Ahmed is an Islamic high school student involved in sports. Finding himself in the religious season of Ramadan, he decides to continue participating in the sports program while observing the daytime fast from food and water. This has not been easy due to extreme exertion and heat this time of year. His unusual choice caught the attention of reporters. (For more, see link provided).
This story resonated with me because I can identify with Ahmed. As a Seventh-day Adventist Christian, I am acutely aware of peculiarities that keep me apart from the approval of the general public. Sabbath observance comes to mind. I applaud those that stand for their personal beliefs even if it’s countercultural, and even if I don’t agree with them. Ah, the beauties of religious freedom! Sad to see it’s erosion in America…but moving on….
Growing up, I heard of youth that excelled in sports who were Sabbath keepers and the lengths they went to stay away from games and practices during Sabbath hours (from sundown Friday night to sundown Saturday night). Some sacrificed their chances and careers for the sake of what they knew to be right. Others were allowed exemptions and praised for their commitment to a higher calling than their sports passion. In some cases, God appeared to alter circumstances so that games, championships, practices, etc. were changed from
Sabbath hours. These youth, and often observers too, believed God honored their choice to obey Him above all else.
Society is so much about self-preservation, looking good, not being an inconvenience, and making excuses for bad behavior. However, when someone follows personal convictions that are contrary to this norm, they are deemed ignorant, an obstacle to be challenged, or dangerous—a threat, a risk, a liability, a lawsuit ready to happen. These are some of the responses I saw to this article.
What really got me was his last quote: “If it’s my time, it’s my time,” Ahmed Elshaer said. “If not, God watches over me.”
Wouldn’t you consider this a high level of commitment expressed by this teen? Whether you agree that fasting for Ramadan is worth dying for a not, consider his level of surrender. Sounds a bit like Queen Esther, “If I perish, I perish.” We respect Esther for taking a big risk, going against stringent rules of decorum, for the sake of her personal beliefs and the lives of her people. We believe that God honored her choice and used her in a mighty way for His plans.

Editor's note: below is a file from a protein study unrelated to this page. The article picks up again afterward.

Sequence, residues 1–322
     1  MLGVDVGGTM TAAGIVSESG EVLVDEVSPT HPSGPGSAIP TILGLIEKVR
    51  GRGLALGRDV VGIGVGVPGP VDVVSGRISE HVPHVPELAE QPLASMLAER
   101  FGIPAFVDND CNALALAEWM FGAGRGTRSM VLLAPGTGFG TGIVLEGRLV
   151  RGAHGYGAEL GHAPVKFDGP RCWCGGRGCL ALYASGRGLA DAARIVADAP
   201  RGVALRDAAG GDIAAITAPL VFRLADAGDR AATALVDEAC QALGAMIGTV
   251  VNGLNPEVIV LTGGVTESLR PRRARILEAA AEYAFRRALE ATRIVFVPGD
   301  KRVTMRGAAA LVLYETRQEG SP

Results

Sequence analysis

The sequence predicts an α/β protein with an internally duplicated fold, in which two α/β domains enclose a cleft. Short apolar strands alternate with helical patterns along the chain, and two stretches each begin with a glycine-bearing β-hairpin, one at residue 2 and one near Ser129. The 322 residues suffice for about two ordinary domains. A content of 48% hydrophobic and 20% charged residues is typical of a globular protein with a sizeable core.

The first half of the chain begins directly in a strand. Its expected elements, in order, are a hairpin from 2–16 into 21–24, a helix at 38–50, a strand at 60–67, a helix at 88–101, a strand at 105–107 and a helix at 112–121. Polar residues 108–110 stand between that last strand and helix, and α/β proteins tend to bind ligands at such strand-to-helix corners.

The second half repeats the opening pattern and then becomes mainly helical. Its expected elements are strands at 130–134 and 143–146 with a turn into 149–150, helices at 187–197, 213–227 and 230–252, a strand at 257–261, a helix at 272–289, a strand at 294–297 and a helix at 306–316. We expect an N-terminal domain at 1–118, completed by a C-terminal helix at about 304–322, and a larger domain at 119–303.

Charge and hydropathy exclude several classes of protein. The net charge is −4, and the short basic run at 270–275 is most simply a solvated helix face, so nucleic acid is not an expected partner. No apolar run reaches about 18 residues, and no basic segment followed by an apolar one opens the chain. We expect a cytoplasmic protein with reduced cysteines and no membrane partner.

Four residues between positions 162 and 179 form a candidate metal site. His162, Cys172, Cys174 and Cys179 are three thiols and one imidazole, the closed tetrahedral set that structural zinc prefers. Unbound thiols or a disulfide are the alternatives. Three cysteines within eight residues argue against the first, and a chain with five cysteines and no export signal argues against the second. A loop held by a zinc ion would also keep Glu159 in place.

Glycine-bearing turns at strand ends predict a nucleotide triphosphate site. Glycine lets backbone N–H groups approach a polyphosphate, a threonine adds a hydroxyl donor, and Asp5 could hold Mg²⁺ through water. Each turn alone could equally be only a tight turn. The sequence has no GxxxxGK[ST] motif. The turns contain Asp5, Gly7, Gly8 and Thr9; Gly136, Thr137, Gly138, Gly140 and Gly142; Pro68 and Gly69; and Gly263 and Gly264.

Is God relegated only to Bible times? Can He honor whom He chooses? Does He appreciate the faith exhibited by this young man? My Bible says God is no respecter of persons. He has no favorites. He yearns to find faith on the earth and declares it is a pretty rare thing. (Luke 18:7-8)
There will come a time when I will have to choose to follow God’s way no matter what may happen to my life. My life is hid with Christ in God and there is a resurrection and Second Coming which I look forward to with eagerness. Society does not get this and never will. If I’m not willing to follow God’s way now in little things that make me uncomfortable around my friends or neighbors, will I be able to risk my life when the time comes?
Right now I have a neighbor that doesn’t seem to like me. Ever since I invited her to a women’s dinner at our church, I have felt like she considers me a threat. I don’t like that feeling. I have been as conciliatory, casual and gracious as I know how, and still I feel her coolness and judgment. My guess is that she has been hurt by church people before and doesn’t want to get too close.
Yet her rejection of me is nothing compared to the scrutiny Ahmed is facing, and nothing compared to the persecution ahead for God’s true followers.
It’s so tempting to cave and be someone I’m not around those who act like my neighbor. It would be easier to stop being nice, stop
reaching out, stop caring because I’m hurt. But if I don’t exercise faith now, how will I during harder times? These experiences build on each other and make me stronger.
A little discomfort really isn’t going to kill me. In contradiction to our culture, that’s what Ahmed is saying too. He reminds us that children are starving to death every day. He’s just not eating and drinking during daylight hours. He’s not really deprived. His choice to abstain reminds him of others who have it worse. Remembering the least of these is God honoring.
So what about you? Do you think God honors this level of commitment? Or do you think it is foolish and unnecessary, or worse? What would you do if you were in his place? What would you do if you were his coaches? After you read the article for yourself, share a comment, please.